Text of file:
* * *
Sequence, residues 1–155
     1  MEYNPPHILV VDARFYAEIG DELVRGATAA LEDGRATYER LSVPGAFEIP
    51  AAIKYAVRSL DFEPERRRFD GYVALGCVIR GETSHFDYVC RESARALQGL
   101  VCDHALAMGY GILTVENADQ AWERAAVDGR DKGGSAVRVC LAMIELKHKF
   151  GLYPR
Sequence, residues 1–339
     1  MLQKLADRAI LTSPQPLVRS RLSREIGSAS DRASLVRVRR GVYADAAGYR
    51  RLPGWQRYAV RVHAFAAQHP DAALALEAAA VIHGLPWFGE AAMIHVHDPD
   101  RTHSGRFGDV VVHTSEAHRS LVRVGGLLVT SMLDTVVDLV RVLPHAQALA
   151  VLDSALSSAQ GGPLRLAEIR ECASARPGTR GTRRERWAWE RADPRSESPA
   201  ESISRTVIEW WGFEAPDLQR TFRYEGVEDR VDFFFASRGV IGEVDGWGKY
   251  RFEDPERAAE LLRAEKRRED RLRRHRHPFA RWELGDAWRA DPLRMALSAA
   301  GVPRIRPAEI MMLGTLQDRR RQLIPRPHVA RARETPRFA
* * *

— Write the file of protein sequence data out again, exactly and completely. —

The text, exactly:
Sequence, residues 1–155
     1  MEYNPPHILV VDARFYAEIG DELVRGATAA LEDGRATYER LSVPGAFEIP
    51  AAIKYAVRSL DFEPERRRFD GYVALGCVIR GETSHFDYVC RESARALQGL
   101  VCDHALAMGY GILTVENADQ AWERAAVDGR DKGGSAVRVC LAMIELKHKF
   151  GLYPR
Sequence, residues 1–339
     1  MLQKLADRAI LTSPQPLVRS RLSREIGSAS DRASLVRVRR GVYADAAGYR
    51  RLPGWQRYAV RVHAFAAQHP DAALALEAAA VIHGLPWFGE AAMIHVHDPD
   101  RTHSGRFGDV VVHTSEAHRS LVRVGGLLVT SMLDTVVDLV RVLPHAQALA
   151  VLDSALSSAQ GGPLRLAEIR ECASARPGTR GTRRERWAWE RADPRSESPA
   201  ESISRTVIEW WGFEAPDLQR TFRYEGVEDR VDFFFASRGV IGEVDGWGKY
   251  RFEDPERAAE LLRAEKRRED RLRRHRHPFA RWELGDAWRA DPLRMALSAA
   301  GVPRIRPAEI MMLGTLQDRR RQLIPRPHVA RARETPRFA